Steve Allan Catlin Guide artist preview number 6 - FAD Magazine

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Steve Allan Catlin Guide artist preview number 6

One of The bunch Steve Allan

Stains Of A Decade Steve Allan

FAD have hooked up with our favourite guide to the art stars of the future The Catlin Guide to give you a sneak preview of some of the 40 artists that will be featured in this years guide.

Up sixth is Steve Allan

Q – If you weren’t an artist what else would you be?
A – A butcher, a baker or a candlestick maker.

Q – Can you tell us more about your work and what are the main ideas you would like to express?
A – I guess the main thing I struggle with in my work is finding an image that resonates with both the viewer and me. Much of my work revolves around metaphorical images that represesent my struggle in painting. In retrospect, the banana character I created whilst at the Royal College was a kind of gestural character that seems in constant turmoil. Painting bananas with human emotions was funny road to go down, but that image just seemed to tap into something primal with me. At the time I was making allot of really bad paintings and I had had these banana drawings kicking around my studio. They were just ridiculous looking. I liked the way people responded to the drawings – they all laughed. I though yeah, that’s a funny image, but it also provoked a certain empathy which I myself respond to in other artsists work. I never intended to paint bananas, but sometimes the most absurd images – the ones you write off too easily – make for the most interesting work. I couldn’t imagine anything more helpless than a banana in armbands and a life-saver, it became like a mascot for all my failures: this helpless banana man trying to stay afloat in the sea of shitty paintings. I suppose this image came out of frustration. Painting is a real slog for me most of the time.

Q – How do you start the process of making work?

A – My home is for drawing my studio for painting. My paintings usually come out of drawings I make at home. That’s not to say that I translate a drawing as it is into a painting. I suppose the drawing is a catalyst for something more complex, something more alive and fought over. So to answer the question – at some point I just take my paints out and start painting, but things usually have to get vey bad before they get any good.

Q Do you consider the viewer when making your work?

A – Of course – I’d be lying if I were to say I wasn’t concerned at how people respond to my paintings. Making any kind of art puts you in the line of fire, and you want people to feel something….any sort of response is good. The biggest insult to me is for someone to casually stroll by, give my work a quick glance and never think of it again. You want to create something that leaves an impression – that provokes a response, a reaction – hopefully a change in someone’s thinking.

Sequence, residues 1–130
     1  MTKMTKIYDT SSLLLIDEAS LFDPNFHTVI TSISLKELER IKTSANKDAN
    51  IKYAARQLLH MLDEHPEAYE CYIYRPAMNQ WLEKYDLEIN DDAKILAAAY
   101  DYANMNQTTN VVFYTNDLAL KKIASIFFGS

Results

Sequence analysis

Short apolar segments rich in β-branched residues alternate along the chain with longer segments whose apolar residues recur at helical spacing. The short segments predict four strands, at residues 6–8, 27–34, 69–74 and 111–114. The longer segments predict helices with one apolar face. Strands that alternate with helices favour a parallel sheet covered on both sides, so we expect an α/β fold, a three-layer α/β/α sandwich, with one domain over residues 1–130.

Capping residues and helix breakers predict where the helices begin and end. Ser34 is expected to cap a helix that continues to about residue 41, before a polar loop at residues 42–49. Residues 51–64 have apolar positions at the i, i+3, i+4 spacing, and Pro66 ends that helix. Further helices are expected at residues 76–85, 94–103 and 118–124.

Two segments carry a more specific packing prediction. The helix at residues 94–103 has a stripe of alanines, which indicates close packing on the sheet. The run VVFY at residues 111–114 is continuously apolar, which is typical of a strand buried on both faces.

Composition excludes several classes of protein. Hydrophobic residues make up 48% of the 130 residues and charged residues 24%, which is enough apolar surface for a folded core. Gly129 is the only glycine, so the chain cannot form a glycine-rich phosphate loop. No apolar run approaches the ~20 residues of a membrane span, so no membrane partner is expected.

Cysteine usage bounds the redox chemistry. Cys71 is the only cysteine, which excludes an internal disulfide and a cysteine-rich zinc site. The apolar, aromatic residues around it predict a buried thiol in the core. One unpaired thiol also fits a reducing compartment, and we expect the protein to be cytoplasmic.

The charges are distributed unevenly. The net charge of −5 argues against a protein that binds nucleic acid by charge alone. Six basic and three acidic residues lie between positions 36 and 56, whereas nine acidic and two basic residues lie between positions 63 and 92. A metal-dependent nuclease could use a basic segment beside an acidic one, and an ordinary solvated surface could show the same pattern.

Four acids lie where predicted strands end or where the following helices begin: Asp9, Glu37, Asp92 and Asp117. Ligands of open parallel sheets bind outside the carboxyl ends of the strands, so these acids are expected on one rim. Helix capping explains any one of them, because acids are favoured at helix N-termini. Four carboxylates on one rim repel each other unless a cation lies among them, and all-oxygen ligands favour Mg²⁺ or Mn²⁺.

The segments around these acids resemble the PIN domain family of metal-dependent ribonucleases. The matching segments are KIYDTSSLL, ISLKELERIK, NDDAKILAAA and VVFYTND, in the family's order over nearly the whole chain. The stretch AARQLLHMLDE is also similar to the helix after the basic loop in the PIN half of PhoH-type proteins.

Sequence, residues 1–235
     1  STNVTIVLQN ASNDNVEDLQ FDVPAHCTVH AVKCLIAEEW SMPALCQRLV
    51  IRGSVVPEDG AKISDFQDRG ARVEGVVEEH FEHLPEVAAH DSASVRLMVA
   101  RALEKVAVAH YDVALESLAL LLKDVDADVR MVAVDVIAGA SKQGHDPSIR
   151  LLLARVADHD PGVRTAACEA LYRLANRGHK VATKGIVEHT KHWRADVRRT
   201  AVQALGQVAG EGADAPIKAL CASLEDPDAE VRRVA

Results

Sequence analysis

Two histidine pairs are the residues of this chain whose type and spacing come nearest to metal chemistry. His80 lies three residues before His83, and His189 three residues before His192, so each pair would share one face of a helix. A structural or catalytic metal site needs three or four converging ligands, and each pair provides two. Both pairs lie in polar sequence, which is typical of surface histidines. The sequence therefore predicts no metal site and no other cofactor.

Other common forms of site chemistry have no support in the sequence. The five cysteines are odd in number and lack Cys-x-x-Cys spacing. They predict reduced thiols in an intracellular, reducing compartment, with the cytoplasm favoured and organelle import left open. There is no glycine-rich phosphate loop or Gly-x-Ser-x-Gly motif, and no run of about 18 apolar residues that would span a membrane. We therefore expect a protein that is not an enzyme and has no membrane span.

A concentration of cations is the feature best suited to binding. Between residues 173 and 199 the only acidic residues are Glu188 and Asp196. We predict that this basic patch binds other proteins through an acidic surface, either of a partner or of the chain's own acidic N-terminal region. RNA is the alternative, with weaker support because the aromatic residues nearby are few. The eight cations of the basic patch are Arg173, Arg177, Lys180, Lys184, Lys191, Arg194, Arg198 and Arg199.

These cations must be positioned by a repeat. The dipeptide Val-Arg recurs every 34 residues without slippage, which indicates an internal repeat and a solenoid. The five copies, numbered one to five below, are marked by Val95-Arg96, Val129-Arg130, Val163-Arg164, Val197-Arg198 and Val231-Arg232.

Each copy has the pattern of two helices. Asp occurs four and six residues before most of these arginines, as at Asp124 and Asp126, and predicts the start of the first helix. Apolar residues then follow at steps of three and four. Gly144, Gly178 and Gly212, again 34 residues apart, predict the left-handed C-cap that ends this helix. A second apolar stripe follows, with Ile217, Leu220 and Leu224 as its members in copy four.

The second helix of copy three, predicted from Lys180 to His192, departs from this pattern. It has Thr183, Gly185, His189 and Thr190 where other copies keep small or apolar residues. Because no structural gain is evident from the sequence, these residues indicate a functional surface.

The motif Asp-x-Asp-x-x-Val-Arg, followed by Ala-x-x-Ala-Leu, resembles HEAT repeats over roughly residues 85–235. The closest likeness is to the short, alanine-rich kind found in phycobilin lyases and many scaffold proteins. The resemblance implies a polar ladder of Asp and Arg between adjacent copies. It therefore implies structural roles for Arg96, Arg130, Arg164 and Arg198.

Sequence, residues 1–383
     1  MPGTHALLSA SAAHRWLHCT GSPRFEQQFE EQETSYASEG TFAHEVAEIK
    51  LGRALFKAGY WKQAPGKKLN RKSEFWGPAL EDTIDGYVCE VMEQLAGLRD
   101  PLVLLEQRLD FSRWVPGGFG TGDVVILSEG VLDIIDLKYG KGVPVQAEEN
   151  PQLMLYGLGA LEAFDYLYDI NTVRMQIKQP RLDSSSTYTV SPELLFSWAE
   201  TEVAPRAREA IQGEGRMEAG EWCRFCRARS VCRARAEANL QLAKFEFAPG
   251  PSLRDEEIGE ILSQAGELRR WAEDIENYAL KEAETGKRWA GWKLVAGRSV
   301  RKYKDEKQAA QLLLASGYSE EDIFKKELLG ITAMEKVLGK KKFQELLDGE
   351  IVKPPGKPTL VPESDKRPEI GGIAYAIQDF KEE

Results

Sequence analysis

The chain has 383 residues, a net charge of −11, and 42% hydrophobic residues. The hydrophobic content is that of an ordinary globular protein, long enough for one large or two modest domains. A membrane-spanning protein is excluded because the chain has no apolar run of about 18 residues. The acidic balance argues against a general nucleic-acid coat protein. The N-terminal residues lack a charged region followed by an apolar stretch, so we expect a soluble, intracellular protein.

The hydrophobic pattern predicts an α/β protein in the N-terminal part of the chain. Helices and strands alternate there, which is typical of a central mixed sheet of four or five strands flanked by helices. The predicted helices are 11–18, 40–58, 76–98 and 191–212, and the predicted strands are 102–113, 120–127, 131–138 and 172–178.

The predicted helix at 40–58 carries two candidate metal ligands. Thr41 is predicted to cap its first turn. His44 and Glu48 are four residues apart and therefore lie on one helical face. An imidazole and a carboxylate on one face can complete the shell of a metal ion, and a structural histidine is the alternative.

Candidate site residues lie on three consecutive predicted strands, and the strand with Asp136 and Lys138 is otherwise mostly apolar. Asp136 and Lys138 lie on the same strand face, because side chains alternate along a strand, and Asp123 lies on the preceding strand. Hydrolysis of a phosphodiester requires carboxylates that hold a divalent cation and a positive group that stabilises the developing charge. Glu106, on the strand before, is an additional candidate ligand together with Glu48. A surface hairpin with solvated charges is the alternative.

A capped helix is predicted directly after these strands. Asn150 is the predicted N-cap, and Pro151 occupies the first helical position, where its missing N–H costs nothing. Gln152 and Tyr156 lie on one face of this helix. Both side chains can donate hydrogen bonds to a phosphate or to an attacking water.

Q – Name three artist that have inspired your work

A – I have endless influences but the ones that I feed off the most are, Philip Guston, Georg Bazelitz and James Ensor. These three painters are the foundations of my practice and have been informing my work since I started painting.

Q-What defines a work of art?

A – When I look at art I’m always looking for a genuine voice; authenticity is very important to me. It’s very easy to see if someone has a conviction and belief in what they are doing and this is what I look for. I suppose in that sense art is just someone else’s truth.

Q – In times of austerity do you think that art has a moral obligation to respond topically?

A – For myself, no. I’ve never been that interested in politics or economics as far as my own painting is concerned. I definitely don’t intend to start a Scottish painting manifesto. Of course your environment and world view will inform your outlook and practice to some degree but for now I’m happy to leave the art revolution to the Mexicans.

Q – Anytime, any place – Which artist’s body of work would you most like to inhabit?

A – I’d have to go with Philip Guston. I respond to his autobiographical motivations and way of story telling, and he has had a huge influence on my work. Guston was a game changer in his own time and he’s still as relevant to this day.

Q – Whats the most intelligent or interesting thing that someone said or wrote about your work ?

A – My mum…. “What is it?”

Q – What artist would you most like to rip off?

A – I don’t think it’s a case of ‘ripping off’. Everyone is influenced by someone or something which has come before them. I don’t think anyone in our century is or can be, truly original. Artists are bottom feeders – that is to say we are always looking back and responding to all the art we admire.

Q – Do you care what your art costs?

A – Money is not at the forefront of my ambition as an artist but I have to make a living and pay bills.
I sell work to be able to make more work and have a bit of fun on the side.

Q – Whats next for you?

A – I hope to be able to carry on painting everyday. I’ve been very fortunate this year to have financial help from Ridley Scott Associates, who cover my studio and material costs. I have two upcoming group shows In january –‘Young Gods’ at the Griffin Gallery – W114AJ and ‘Painters in Play’ at Carslaw St Lukes – EC1Y 8JL.

The Catlin Guide 2013: New Artists in the UK is launched at the London Art Fair 2013, 16 – 20 January. It will also be available from Amazon, Culture Label and selected book sellers (£12.99).



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